Hamas is in complete shock after the overwhelming results of the Palestinian elections, so much so that the movement is unsure of its next step. Hamas was not prepared for the results that were declared 25 January, nor was the Palestinian government, nor other political parties and figures. Even the Israeli administration had decided to begin an investigation with the related authorities into why the remarkable results for Israel’s biggest enemy were not predicted.
Europe has stated that it would reconsider the billion dollar aid that its gives to Palestinians as they never expected Hamas to be joining the Palestinian government. The American government believes that it may have committed a major mistake in training Palestinian security forces and supplying them with the necessary equipment. Thus, reactions of astonishment continue to overwhelm the international political arena.
We should remember that the most outlandish figures that we received did not correspond with the real figures. Immediately after the elections, it was reported that Hamas had won 58 parliamentary seats whereas Fatah had attained 63 out of 132. The next day, however, it was officially declared that Hamas had attained 76 seats whereas Fatah gained only 43.
Hamas itself is now completely confused and Fatah is traumatized as political players reconsider their priorities and reorganize their agendas. Such reconsiderations will continue throughout the upcoming months, the events of which will put Hamas to the test. If Fatah were to accept assistance from Hamas and recognize it as its partner in one national government, this would surely lead to diffusing the situation, and Hamas, known for its denial of Israel’s right of existence, would find another justification for the new positions it would take regarding negotiations with Israel and continuation of the necessary arrangements for the movement of the Palestinians.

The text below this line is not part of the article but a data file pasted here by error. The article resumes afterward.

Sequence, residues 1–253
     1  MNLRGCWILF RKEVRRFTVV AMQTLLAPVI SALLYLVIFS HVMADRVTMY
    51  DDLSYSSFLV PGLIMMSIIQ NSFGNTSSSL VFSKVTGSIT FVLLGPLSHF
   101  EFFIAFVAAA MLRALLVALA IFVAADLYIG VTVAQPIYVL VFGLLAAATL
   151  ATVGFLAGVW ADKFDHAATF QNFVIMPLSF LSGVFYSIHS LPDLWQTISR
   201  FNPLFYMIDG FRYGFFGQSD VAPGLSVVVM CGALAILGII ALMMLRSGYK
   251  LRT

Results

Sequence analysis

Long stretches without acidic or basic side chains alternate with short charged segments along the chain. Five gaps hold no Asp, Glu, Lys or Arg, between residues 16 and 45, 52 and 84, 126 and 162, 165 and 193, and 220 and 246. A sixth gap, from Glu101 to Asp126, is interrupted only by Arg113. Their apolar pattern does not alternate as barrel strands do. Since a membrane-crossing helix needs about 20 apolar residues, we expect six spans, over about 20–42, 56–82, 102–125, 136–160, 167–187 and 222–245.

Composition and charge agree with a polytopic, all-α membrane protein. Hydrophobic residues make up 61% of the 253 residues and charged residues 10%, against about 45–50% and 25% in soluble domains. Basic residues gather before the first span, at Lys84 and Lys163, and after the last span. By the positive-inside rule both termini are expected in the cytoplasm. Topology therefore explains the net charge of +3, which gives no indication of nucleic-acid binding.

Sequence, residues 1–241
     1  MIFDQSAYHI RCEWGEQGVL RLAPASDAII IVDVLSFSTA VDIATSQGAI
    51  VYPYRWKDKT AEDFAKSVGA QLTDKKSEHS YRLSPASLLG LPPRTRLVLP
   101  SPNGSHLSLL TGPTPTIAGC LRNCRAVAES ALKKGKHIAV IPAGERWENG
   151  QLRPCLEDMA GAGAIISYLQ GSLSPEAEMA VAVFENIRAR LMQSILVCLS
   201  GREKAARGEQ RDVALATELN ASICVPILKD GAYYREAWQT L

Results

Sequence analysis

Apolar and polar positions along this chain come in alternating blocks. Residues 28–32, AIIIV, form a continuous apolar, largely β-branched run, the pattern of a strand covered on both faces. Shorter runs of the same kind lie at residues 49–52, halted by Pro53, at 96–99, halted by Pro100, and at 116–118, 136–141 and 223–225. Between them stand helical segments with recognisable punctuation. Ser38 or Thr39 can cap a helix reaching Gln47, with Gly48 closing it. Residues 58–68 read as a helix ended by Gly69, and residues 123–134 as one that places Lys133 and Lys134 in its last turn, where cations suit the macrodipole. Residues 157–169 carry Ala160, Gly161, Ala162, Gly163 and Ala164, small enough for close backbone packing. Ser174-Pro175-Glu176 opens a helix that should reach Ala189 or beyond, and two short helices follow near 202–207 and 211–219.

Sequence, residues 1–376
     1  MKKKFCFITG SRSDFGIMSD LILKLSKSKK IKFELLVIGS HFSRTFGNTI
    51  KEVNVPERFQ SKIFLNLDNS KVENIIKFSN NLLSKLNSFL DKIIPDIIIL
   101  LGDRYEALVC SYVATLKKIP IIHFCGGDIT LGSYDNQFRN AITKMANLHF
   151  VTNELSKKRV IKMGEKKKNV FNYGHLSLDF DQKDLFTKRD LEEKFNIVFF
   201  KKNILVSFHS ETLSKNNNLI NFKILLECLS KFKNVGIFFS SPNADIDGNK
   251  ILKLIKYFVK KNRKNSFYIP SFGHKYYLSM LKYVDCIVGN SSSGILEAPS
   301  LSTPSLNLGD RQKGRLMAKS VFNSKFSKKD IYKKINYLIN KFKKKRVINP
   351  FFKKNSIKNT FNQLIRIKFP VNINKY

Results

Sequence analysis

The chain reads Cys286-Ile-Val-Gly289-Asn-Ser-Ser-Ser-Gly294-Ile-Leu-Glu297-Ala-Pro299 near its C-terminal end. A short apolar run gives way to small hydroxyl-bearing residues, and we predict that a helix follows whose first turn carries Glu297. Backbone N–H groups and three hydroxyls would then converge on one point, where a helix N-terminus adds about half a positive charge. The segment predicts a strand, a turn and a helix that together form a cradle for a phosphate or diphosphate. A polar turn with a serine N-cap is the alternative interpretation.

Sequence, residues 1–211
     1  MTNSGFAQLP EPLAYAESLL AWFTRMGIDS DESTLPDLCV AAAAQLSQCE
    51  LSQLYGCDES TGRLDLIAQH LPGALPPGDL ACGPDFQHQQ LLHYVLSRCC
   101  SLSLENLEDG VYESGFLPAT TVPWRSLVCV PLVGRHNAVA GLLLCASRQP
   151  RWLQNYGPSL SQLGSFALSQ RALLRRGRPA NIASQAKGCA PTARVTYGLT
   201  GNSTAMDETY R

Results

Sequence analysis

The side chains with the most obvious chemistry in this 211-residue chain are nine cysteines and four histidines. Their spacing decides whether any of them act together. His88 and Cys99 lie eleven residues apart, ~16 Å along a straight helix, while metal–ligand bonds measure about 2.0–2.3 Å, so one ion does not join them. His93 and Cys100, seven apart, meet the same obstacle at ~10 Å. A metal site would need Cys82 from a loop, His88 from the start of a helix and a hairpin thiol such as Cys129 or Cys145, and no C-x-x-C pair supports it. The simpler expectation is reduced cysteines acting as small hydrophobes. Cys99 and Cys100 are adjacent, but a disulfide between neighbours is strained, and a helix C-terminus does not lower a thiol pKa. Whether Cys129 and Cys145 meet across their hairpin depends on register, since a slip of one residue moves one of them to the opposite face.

It is for these reasons that Hamas is as surprised as the unsuccessful parties, if not more, at its own success from which we should not expect speedy decisions. Hamas should not make its public statements regarding its various political positions before it has set its own goals and has prepared for its first step. Hamas is now responsible for its statements, decisions, and actions.
I believe that we will witness difficult consequences to the Hamas victory upon it’s members and that the movement will be divided into two main groups. The first group will be pragmatic and will base the actions of Hamas on the fact that it has an historical opportunity to take a lead role in Palestinian affairs and this urges the movement to rise to the responsibility and realize that the government of Hamas will differ to the movement of Hamas. The other group will consider any alteration in the movement’s stances as a failure for its supporters and a relapse in its agenda, furthermore, that for Hamas to give up its newfound power is honorable rather than to sell its political dignity.
We will witness a state of internal division that may ensure a solution for all. The possible splitting of the Hamas movement, similar to the case with Fatah that had witnessed frequent turmoil in comparable circumstances, will represent a comfortable solution, as it will enable the movement’s opposition to continue on its course and allow a chance for pragmatic members to run the government. Furthermore, Fatah will then believe that it can defeat Hamas in the next elections, the movement that would have lost much of its strength.